FBI collects Apple IDs from millions of devices, Anonymous alleges

Anonymous says it obtained 1 million Apple IDs from the computer of an FBI security specialist. Assuming the story is true, why would the government hold on to these Apple IDs?

A protester wearing a Guy Fawkes mask, symbolic of the hacktivist group Anonymous, takes part in a street protest in France.

Hackers affiliated with Anonymous have released 1 million Apple Unique Device Identifiers, or UDIDs – a kind of digital serial number for iPhones and iPads. In a statement posted to Pastebin, Anonymous claimed the UDIDs had been culled from a larger database of 12 million device IDs stored on the laptop of an FBI cybersecurity agent. The message, according to Anonymous: The FBI is keeping tabs on Apple users. 

"People are frustrated, they feel the system manipulating them more than ever," Anonymous reps wrote. "Never underestimate the power of frustrated people. For the last few years we have broke into systems belonging to Governments and Big corporations just to find out they are spending millions of tax dollars to spy on their citizens. They work to discredit dissenting voices." 

So is the whole thing for real? Well, it's unclear. The FBI are remaining mum, as is Apple. But in a message on Twitter (hat tip to Gawker), CSIS security specialist Peter Kruse said he had found info from three of his devices in the leaked data. "Today's big question: what did #Apple specific data do on a #FBI agents laptop and how did it get there? What was it used for?" Kruse wrote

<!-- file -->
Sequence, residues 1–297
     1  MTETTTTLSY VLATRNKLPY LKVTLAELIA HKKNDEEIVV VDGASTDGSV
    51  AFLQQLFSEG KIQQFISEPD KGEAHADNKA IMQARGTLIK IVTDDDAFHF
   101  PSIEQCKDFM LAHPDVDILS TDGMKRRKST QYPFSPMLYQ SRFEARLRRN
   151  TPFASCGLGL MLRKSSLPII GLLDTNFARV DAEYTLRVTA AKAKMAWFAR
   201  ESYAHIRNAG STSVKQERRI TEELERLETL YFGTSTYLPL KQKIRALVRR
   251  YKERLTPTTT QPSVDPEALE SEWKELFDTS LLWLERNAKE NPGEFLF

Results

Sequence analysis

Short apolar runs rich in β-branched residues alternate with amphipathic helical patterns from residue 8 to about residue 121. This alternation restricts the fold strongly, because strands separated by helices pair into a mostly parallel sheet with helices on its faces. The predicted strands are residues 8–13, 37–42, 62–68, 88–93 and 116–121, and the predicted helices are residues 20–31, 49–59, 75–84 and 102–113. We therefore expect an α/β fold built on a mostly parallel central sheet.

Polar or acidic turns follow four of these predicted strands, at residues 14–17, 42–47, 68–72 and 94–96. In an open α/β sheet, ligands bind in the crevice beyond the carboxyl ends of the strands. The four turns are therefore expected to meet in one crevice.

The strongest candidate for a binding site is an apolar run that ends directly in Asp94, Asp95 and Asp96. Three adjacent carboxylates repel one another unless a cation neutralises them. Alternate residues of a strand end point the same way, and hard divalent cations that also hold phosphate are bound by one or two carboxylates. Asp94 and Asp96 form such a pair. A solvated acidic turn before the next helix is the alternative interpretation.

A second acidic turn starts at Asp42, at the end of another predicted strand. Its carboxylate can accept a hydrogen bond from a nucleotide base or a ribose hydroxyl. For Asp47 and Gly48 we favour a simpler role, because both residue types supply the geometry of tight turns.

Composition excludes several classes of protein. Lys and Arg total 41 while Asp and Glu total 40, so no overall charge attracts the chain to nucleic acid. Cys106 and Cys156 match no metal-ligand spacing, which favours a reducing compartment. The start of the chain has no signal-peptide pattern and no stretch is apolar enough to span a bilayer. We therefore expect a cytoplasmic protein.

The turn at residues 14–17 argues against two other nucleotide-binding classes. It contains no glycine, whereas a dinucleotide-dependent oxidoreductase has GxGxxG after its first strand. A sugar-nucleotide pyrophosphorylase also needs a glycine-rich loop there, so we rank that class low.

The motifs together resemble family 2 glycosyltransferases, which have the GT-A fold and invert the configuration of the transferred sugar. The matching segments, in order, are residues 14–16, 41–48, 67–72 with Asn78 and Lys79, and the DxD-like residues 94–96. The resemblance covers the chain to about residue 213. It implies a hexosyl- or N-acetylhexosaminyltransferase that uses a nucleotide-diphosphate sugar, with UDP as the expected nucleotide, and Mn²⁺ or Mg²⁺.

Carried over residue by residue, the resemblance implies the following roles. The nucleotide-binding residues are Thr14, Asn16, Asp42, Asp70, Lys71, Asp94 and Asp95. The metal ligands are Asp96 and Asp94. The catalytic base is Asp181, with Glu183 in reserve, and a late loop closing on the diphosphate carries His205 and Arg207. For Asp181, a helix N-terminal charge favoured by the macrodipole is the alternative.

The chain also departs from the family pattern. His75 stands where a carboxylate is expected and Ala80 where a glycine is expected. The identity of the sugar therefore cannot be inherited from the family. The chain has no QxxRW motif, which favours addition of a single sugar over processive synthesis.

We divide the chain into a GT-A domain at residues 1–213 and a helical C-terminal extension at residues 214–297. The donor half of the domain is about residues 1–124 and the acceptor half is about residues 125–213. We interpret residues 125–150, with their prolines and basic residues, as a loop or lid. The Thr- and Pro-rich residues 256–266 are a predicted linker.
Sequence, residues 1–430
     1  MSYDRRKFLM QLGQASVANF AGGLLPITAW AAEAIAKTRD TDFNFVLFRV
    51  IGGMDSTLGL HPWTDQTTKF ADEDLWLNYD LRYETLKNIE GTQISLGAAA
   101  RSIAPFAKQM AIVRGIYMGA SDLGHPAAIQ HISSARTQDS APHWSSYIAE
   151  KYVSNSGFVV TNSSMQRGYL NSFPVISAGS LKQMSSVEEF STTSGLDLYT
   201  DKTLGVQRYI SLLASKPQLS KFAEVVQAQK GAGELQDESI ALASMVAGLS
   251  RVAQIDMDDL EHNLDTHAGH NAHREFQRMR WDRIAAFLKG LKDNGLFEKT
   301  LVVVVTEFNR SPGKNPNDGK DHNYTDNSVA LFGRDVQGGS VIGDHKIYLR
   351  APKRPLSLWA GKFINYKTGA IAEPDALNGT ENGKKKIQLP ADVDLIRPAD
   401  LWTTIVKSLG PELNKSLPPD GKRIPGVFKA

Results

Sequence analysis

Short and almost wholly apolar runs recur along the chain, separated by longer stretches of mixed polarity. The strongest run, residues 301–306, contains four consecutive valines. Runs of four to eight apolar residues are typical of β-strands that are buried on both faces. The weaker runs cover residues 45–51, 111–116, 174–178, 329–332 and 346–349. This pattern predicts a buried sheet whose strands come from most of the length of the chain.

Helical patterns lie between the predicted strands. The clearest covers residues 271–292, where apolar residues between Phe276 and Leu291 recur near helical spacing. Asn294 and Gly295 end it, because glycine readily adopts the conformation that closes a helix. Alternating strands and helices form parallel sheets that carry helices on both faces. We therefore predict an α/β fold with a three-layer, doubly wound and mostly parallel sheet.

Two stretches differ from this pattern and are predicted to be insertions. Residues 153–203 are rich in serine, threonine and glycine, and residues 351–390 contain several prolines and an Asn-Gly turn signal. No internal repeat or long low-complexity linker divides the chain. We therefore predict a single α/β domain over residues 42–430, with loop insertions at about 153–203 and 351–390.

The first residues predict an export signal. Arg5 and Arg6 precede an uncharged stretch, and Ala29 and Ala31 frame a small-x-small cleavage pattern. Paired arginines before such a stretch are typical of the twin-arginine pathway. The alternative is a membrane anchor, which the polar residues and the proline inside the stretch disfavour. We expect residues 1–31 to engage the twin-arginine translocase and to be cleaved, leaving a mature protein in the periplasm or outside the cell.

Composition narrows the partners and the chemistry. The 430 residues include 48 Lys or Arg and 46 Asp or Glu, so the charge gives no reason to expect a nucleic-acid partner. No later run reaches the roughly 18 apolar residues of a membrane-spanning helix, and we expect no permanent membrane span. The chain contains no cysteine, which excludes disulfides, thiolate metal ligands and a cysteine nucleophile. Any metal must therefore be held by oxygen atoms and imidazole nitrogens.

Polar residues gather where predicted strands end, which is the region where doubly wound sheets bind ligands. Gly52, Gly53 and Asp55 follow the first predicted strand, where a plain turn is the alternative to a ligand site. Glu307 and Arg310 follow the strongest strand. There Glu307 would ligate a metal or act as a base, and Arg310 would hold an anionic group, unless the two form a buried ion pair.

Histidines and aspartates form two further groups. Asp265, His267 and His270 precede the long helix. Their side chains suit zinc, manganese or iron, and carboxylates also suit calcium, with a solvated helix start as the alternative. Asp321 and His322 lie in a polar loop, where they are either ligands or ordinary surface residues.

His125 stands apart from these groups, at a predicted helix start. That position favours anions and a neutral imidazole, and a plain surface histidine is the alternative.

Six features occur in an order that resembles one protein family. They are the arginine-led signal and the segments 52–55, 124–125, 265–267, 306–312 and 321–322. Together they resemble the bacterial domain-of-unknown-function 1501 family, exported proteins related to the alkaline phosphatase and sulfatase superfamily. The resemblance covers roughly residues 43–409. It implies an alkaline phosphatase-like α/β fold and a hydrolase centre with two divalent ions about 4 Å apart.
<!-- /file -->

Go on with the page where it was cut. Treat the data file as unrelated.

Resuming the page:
Over at Forbes, Andy Greenberg has decrypted the file released by Anonymous. Although "there’s no easy way to confirm the authenticity or the source of the released data," Greenberg admits, "it does seem to be an enormous list of 40-character strings made up of numbers and the letters A through F, just like Apple UDIDs. Each string is accompanied by a longer collection of characters that Anonymous says is an Apple Push Notification token." 

The full report from Greenberg is here. More when we know it. In the meantime, to check if your device is on the Anonymous list, check out this tool, which was built by the team at The Next Web. And to keep up on how technology intersects daily life, follow us on Twitter @venturenaut.

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